Ask for refund within 24 hours



Protection is system
-
level, not app
-
level


3
rd

party protections filling the gap


SlideLock


Links with app


Phones home with unique ID of phone


Static compilation


Use provided
gcc

ARM cross
-
compiler with

static



Dynamic linking


Android uses a non
-
standard
libc
, bionic


Mostly BSD with Linux threads, processes, and signals


Use ‘
agcc
’ wrapper to set all the flags you need



Install
Debian

(!)


Install
busybox


Set up
mountpoints

on /
sdcard


Run
debootstrap


adb
, Android Debug Bridge


Push/pull files, forward network ports, poll state


Issue arbitrary shell commands,
adb

shell


Control/manipulate emulator instances



DDMS,
Dalvik

Debug Monitor Service


Java debugger, exposed in Eclipse



logcat
, collects system debug output



Native:
gdb
, IDA 5.4 with
gdbserver

module

1.
Grab OTA update files exposed online


android.clients.google.com/updates/


2.
Put RC29 on SD card as update.zip


3.
Reboot with
Home+End

keys


4.
Alt+S

to install firmware


5.
Exploit local privilege escalation vulnerability


6.
Re
-
flash with developer image


Jailbreak phones: Check



Steal apps from Market: Check



Install arbitrary applications: Check



Steal user data: … wait a few more slides



Some things you can screw up…



Passive credential
snarfing


Wifi

+ non
-
HTTPS web service = 0wned



Active MITM


Wifi

+ HTTPS login + HTTP data = 0wned


Wifi

+ non
-
HTTPS update check = 0wned



All apps are written in Java, aren’t we safe?


VM built on many C/C++ libraries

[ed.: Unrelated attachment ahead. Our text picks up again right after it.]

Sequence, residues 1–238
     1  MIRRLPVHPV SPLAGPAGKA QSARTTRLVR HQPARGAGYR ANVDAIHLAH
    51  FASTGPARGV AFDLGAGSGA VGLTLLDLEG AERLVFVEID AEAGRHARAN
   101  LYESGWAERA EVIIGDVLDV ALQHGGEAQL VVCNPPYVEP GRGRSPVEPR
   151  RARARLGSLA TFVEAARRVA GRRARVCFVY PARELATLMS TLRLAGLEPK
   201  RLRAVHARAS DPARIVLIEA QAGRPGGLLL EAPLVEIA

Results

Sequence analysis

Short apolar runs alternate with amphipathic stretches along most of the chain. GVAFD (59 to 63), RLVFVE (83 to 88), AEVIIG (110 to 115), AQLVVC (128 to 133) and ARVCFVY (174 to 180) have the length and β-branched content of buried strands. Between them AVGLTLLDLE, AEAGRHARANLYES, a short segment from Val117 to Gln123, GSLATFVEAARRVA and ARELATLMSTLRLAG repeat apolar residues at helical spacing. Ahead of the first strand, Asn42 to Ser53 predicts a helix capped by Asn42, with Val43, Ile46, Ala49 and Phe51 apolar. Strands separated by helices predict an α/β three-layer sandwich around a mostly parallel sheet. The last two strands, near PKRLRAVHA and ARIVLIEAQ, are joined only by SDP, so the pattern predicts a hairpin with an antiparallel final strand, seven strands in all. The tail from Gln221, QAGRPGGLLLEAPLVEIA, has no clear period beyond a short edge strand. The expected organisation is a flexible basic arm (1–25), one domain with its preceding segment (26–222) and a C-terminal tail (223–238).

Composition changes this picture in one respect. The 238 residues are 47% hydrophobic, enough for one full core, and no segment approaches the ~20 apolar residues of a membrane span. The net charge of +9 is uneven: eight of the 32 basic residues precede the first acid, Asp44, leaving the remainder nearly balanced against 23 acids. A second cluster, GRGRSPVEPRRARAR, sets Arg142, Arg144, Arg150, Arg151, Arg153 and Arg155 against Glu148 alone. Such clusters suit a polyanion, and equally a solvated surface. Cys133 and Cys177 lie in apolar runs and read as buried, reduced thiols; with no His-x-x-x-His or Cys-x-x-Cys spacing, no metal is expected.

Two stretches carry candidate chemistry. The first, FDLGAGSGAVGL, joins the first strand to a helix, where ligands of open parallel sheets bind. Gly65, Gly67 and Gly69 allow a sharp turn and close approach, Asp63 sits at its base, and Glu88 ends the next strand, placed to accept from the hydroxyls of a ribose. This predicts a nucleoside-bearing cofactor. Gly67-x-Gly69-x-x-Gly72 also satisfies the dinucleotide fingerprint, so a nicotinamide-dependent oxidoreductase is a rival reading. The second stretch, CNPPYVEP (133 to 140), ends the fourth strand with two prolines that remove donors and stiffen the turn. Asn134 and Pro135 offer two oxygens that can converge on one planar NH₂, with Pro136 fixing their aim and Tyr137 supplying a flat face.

APIs commonly pass data to C/C++ daemons


Multi
-
media, image, compression, crypto, doc parsing


Browser HTML,
Javascript
, XML,
WebServices

parsers


Source code available!



What about Sandboxing?


User data is exposed after 1 exploit


Root requires 2
nd

priv

escalation


Browser is native code (
webkit
)



No one has ever found a bug in a VM before!



Changelogging



Find an OSS library Android uses


Find a recent security bug in it


Done.



Fuzzing


logcat

catches crash information


adb

can launch and control apps from CLI




Audit the available source code (Fortify?)



Build a
fuzzing

harness on top of the emulator



Decompile .
dex

back to .class or to source



IDA scripts for exploit
-
development



Trojan Apps


Do they already exist?


How would we make one?



Exercises for the reader


How does Android do OTA updates?


How does Android authenticate to the Market?


Can you do it with a regular web browser?


Where does Android store my Google password?


Further, where should my app store its passwords?


How would you write an Android
rootkit
?



How do you secure a platform where 50,000
Android users install
Fartdroid
?



Pulling a John Connor: Defeating Android


Charlie Miller,
ShmooCon

2009



The Smart
-
Phones Security Nightmare


Sergio ‘
shadown
’ Alvarez,
CanSecWest

2009



Smartphone (in) Security


Ortega &
Economou
,
CanSecWest

2009



Google’s Android Platform


Jon
Oberheide
,
CanSecWest

2009


Dalvik

Virtual Machine Internals


Dan Bornstein, Google I/O 2008



Debian

& Android Together on G1


Jay Freeman, saurik.com/id/10



Updated
Dex

File Format


Tim
Strazzere
, strazzere.com/blog/?p=104